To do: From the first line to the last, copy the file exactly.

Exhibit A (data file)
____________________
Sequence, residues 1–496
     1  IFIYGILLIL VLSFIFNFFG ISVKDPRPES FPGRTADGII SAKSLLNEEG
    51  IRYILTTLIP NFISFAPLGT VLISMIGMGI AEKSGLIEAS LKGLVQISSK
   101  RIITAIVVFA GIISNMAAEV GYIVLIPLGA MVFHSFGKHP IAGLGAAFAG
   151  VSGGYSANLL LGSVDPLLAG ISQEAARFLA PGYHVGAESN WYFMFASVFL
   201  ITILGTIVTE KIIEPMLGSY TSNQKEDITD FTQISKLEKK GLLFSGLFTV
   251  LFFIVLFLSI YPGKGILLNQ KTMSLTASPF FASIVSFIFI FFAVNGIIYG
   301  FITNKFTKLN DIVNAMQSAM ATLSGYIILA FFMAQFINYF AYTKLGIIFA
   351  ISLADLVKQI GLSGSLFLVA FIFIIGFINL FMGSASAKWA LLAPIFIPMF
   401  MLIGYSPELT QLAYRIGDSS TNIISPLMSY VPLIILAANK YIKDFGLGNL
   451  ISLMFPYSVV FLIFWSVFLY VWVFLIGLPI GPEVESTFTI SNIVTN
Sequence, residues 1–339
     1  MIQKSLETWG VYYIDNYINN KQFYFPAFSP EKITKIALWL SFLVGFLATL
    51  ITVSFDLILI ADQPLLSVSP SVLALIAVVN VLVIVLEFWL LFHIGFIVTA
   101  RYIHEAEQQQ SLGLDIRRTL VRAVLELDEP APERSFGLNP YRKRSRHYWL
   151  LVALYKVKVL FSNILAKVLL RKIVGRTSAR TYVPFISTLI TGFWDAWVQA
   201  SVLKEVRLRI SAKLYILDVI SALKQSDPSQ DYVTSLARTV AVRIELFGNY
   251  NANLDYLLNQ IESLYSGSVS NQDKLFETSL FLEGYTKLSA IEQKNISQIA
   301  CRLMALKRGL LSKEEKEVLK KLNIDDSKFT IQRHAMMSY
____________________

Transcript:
Sequence, residues 1–496
     1  IFIYGILLIL VLSFIFNFFG ISVKDPRPES FPGRTADGII SAKSLLNEEG
    51  IRYILTTLIP NFISFAPLGT VLISMIGMGI AEKSGLIEAS LKGLVQISSK
   101  RIITAIVVFA GIISNMAAEV GYIVLIPLGA MVFHSFGKHP IAGLGAAFAG
   151  VSGGYSANLL LGSVDPLLAG ISQEAARFLA PGYHVGAESN WYFMFASVFL
   201  ITILGTIVTE KIIEPMLGSY TSNQKEDITD FTQISKLEKK GLLFSGLFTV
   251  LFFIVLFLSI YPGKGILLNQ KTMSLTASPF FASIVSFIFI FFAVNGIIYG
   301  FITNKFTKLN DIVNAMQSAM ATLSGYIILA FFMAQFINYF AYTKLGIIFA
   351  ISLADLVKQI GLSGSLFLVA FIFIIGFINL FMGSASAKWA LLAPIFIPMF
   401  MLIGYSPELT QLAYRIGDSS TNIISPLMSY VPLIILAANK YIKDFGLGNL
   451  ISLMFPYSVV FLIFWSVFLY VWVFLIGLPI GPEVESTFTI SNIVTN
Sequence, residues 1–339
     1  MIQKSLETWG VYYIDNYINN KQFYFPAFSP EKITKIALWL SFLVGFLATL
    51  ITVSFDLILI ADQPLLSVSP SVLALIAVVN VLVIVLEFWL LFHIGFIVTA
   101  RYIHEAEQQQ SLGLDIRRTL VRAVLELDEP APERSFGLNP YRKRSRHYWL
   151  LVALYKVKVL FSNILAKVLL RKIVGRTSAR TYVPFISTLI TGFWDAWVQA
   201  SVLKEVRLRI SAKLYILDVI SALKQSDPSQ DYVTSLARTV AVRIELFGNY
   251  NANLDYLLNQ IESLYSGSVS NQDKLFETSL FLEGYTKLSA IEQKNISQIA
   301  CRLMALKRGL LSKEEKEVLK KLNIDDSKFT IQRHAMMSY